The Corporate Transparency Act (the “CTA”) marks a significant shift in the U.S. corporate regulatory landscape. Aimed at curbing illicit financial activities, the CTA requires many companies to disclose certain information about the entity itself and each of the entity’s beneficial owners. Understanding these new compliance requirements is crucial for businesses to avoid hefty penalties and ensure operational transparency.


Who Must Report?

Under the CTA, “Reporting Companies” include both domestic entities and foreign entities doing business in the United States. The CTA primarily targets shell companies and similar entities that might be used for financial misconduct. However, not all companies are subject to the CTA’s reporting requirements. This firm has previously posted about the 23 types of entities that are exempt from the CTA reporting obligation, which can be found here . Many existing entities are likely Reporting Companies without an exemption, while all newly created entities as of January 1, 2024 are likely to be Reporting Companies for at least their first year in existence. The deadline for a new entity to file with FinCEN is 90 days after its formation date if formed in 2024, and 30 days after its formation date if formed on or after January 1, 2025; it is therefore highly unlikely that such entities would be able to qualify under any of the exemptions in those short time frames. Knowing whether your business is deemed a Reporting Company or if it falls under an exemption is paramount to ensuring compliance and avoiding costly penalties.


Information to be Reported

Each Reporting Company must report detailed company information, including the company’s full legal name, any trade names the entity uses, its business address,[1] and its IRS tax identification number. The CTA also necessitates the disclosure of Beneficial Owner Information (“BOI”), which includes Personally Identifiable Information (“PII”) about each of the Reporting Company’s “Beneficial Owners,” discussed in more detail in the next section.


More specifically, the CTA requires each Reporting Company to report each Beneficial Owner’s:


  • Name;
  • Date of birth;
  • Residential address; and
  • Unique identifying number and issuing jurisdiction from (and image of) such individual’s: (i) U.S. passport; (ii) state-issued driver’s license; (iii) identification document issued by a state, local government, or tribe; or (iv) if an individual does not have any such documents, his or her foreign passport.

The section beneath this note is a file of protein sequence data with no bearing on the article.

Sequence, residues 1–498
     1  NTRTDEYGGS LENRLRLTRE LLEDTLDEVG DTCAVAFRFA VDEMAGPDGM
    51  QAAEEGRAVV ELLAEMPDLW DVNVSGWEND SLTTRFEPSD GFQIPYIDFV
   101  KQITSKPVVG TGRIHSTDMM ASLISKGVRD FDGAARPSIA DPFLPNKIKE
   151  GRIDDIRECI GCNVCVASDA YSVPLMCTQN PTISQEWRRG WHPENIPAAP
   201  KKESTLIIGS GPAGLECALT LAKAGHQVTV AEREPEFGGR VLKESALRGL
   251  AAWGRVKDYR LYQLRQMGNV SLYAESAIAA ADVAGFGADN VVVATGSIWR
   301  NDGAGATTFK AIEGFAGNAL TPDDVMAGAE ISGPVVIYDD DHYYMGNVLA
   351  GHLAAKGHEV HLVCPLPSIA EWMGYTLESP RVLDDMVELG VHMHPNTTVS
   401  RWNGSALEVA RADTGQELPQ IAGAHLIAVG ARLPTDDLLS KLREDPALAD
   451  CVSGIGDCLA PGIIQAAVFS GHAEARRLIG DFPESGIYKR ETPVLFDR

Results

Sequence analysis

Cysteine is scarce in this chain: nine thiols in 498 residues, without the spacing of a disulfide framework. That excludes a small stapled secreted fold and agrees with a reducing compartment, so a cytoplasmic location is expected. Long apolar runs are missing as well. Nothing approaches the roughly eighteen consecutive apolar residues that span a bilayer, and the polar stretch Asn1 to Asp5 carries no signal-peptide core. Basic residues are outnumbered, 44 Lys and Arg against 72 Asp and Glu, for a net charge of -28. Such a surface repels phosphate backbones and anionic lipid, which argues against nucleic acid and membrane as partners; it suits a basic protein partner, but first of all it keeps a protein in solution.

FinCEN has made clear that each Reporting Company will have ongoing reporting requirements. When there is a change to previously reported information about the Reporting Company itself or its Beneficial Owners, the Reporting Company must file updated reports within 30 calendar days of such change.[2] For example, if a Beneficial Owner changes his or her residential address, the Reporting Company itself must file a report identifying its Beneficial Owner’s new address within 30 days of learning of such change.


Identifying a Beneficial Owner

“Beneficial Owner” is defined very broadly in the CTA, but it is important to know that the term can only refer to an individual – a living, breathing human being. While entities may own ownership interests in other entities, the determination of “Beneficial Owner” must go back to one or more human beings (the individuals). To be a “Beneficial Owner” subject to the CTA reporting requirements, a person must either: (i) be a person who exercises substantial control over the Reporting Company; or (i) own or control at least 25 percent of the ownership interests of the Reporting Company.[3]


The definition of “substantial control”[4] within the CTA includes individuals serving as a senior officer of the Reporting Company, individuals that have “authority over the appointment or removal of any senior officer or a majority of the board of directors,” or individuals who direct, determine, or have substantial influence over important decisions made by the Reporting Company.” While FinCEN continues to provide guidance as to these requirements, a good rule of thumb is that any manager or c-suite executive of a Reporting Company will be deemed a Beneficial Owner and subject to reporting requirements.[5]


What is less clear is whether a minority owner (under 25% equity) who does not exercise regular operational control over a Reporting Company, but who is otherwise entitled to vote with an outsized say on certain material decisions of the Reporting Company, will be deemed a Beneficial Owner. Take, for example, a 10% owner of the membership interests of a limited liability company. If the operating agreement for this Reporting Company provides that certain corporate activities, such as large expenditures or disposition of company assets, must be unanimously approved by the owners, the minority owner (even though he or she holds a percentage of equity well below the 25% threshold), may be deemed to hold “substantial control” over an important decision of the Reporting Company such that the Reporting Company may be required to disclose this minority member as a Beneficial Owner.